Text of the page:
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75% of people don’t get enough servings and fruits and veggies a day. Which is silly, because if you asked me what the most important part of you daily food needs were, I’d tell you fruits and veggies. Maybe it’s that daunting “7-8” servings I was taught as a kid. Maybe it’s wondering how you’re supposed to work them all in in a day. I have news for you: It’s easy.

MYTH NUMBER 1: You need 7-8 servings of fruits and veggies a day…

And 7-8 servings is 7-8 cups. But in reality you need 4 1/2 cups of fruits and veggies a day. Or, more specifically you need 2 cups of fruit and 2 1/2 cups of veggies a day.

MYTH NUMBER TWO: Fruit juices count.

NO. Sure, some lists will count fruit juice (1 cup) as a serving of fruit, but that’s not actually true. The thing about fruit juice is that it lacks fiber, which is part of the reason that you need fruit in the first place. Great sources of fiber for fruits are apples, pears, and plums. But make sure you keep the skin on! The skin of these fruits contains pectin, which is the naturally occurring fiber in fruit and frankly, the entire reason you want to bother eating them (I mean, other than pears are one of the tastiest things on the planet).

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MYTH NUMBER THREE: All fruits and veggies go in the fridge.

Most but not some is the rule here. Onions, potatoes and tomatoes all need to be kept away from the fridge. Refrigerating tomatoes makes them lose taste, potatoes discolour and develop a sweetness (that’s just… wrong. I can’t describe it another way), and onions should be kept in some place where they get airflow (out of a plastic bag).

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MYTH NUMBER FOUR: Ice Berg lettuce has no nutritional value.

Haha, mum! No, ice berg isn’t the powerhouse of nutritional value that say kale or spinach is, but it’s certainly not a slouch, either. Ice berg has a healthy dose of Vitamins A, C, K, and B6! Plus it’s full of water, meaning it’s pretty helpful in detoxing, and fills you up without gaining inches on your waist.

MYTH NUMBER FIVE: Vegetarian diets are not complete diets

With any diet at all, vegan, vegetarian, or omnivore, including variety is key to getting what your body needs in the way of nutrients, carbohydrates, proteins, and fats. There are plenty of sources of proteins outside of the more carnivorous side of the world.

MYTH NUMBER SIX: Sugar in fruits is bad for you

Yes, fruits contain sugar, but this sugar is naturally occurring and loaded with  phenols, fiber, vitamins, and minerals.

MYTH NUMBER SEVEN: It’s hard to get your fruits and veggies requirement.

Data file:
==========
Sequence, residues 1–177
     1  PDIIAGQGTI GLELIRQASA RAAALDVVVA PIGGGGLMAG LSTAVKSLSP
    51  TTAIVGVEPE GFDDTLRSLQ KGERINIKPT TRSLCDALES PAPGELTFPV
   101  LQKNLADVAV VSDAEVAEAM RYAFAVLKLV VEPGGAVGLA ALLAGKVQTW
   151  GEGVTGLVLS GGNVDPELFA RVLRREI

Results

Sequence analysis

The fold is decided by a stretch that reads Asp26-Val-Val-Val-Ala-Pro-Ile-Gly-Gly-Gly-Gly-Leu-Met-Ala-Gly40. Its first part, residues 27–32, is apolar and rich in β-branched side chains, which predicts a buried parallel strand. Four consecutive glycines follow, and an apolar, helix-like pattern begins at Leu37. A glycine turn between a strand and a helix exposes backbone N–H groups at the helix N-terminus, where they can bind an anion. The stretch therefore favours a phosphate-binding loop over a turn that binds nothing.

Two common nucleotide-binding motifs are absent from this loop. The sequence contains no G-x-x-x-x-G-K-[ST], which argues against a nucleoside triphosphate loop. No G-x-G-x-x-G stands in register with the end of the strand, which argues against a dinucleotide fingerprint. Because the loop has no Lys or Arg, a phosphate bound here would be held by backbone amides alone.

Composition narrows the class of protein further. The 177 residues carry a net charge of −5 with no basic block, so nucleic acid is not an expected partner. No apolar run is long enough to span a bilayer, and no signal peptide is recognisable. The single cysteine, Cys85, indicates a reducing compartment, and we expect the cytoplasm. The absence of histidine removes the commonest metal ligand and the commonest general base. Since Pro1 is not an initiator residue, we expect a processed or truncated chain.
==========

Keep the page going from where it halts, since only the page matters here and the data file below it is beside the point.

Incorrect. Two cups of fruit (which is, essentially, a snack between meals) and a salad for lunch and asparagus with baby carrots for dinner is all you need. But what does that look like?

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Breakfast
breakfast

  • A large banana,
  • A decent sized apple (a medium sized fist),
  • A grapefruit,
  • A cup of berries in your oatmeal.
    • About 8 large strawberries

Lunch
Lunch

  • A salad (two cups of lettuce is a serving, a single cup only counts as half)
  • A cup of melon
  • 3.5″ of a cucumber (maybe the length of your middle finger)
  • A single stick of celery
  • A cup of applesauce (no added sugar)
  • A whole red pepper

Snacks
Snacks

  • 1/2 cup of any dried fruit (cherries, raisins, apricots, peaches…)
    • Or two or three strips of dried mango
    • If you choose dried fruit, know that half a cup counts as a full cup to account for water reduction, but remember: dried fruit has a much higher sugar content and diabetics need to be careful.
  • 1/2 cup of apple chips (mmm… apple chips)
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Dinner
Dinner

  • A cup of asparagus (about five spears)
  • A cup of broccoli florets
  • About 10 crimini mushrooms
  • A cup of cherry tomatoes.

Tricks for meeting your fruity-veggie needs.

Cut your fruits or veggies up and leave them in your fridge. Fruits only last a day after they’re washed, but veggies can handle being in the fridge for a week at a time. They make excellent snacking foods.

You can also pack a sandwich container of fruits and veggies and bring it to work and leave it open on your desk. Don’t wait till lunch to bring them out. If you’re anything like me, snacking is just a habit. I can go through a bag of chips on my own if it’s near me, just because I keep snacking. But I’ve discovered I’ll do the same thing with fruits and veggies. I like doing a hybrid, packing a cup and a half of veggies (I like half a red pepper and cucumbers!) and a little over a cup of those big, green grapes (hey, I like my grapes a little sour). This also works at my house when I’m camped out with Netflix.

I also like to throw my fruit into some Greek yogurt and pretend it’s frozen yogurt too. (You can find that recipe here. Each recipe makes enough for 2 1/2 servings of dairy and one serving of fruit or veggies.)

 

Image sources:

http://couponclippingcook.com/wp-content/uploads/2012/04/2-peel-banana.jpg
http://fooddaycanada.ca/wp-content/uploads/2011/05/Red-Prince-Apple.jpg
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https://vegetablesforbreakfast.files.wordpress.com/2013/09/img_5020.jpg
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http://everydayhealthyeverydaydelicious.com/wp-content/uploads/2014/05/Cubed-Honeydew-Melon-1b.jpg
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http://liveenergized.com/wp-content/uploads/2012/04/alkaline-food-1-broccoli.jpg
http://thoughtfulcooking.com/wp-content/uploads/2013/02/serving-pan-seared-salmon-with-asparagus.jpg
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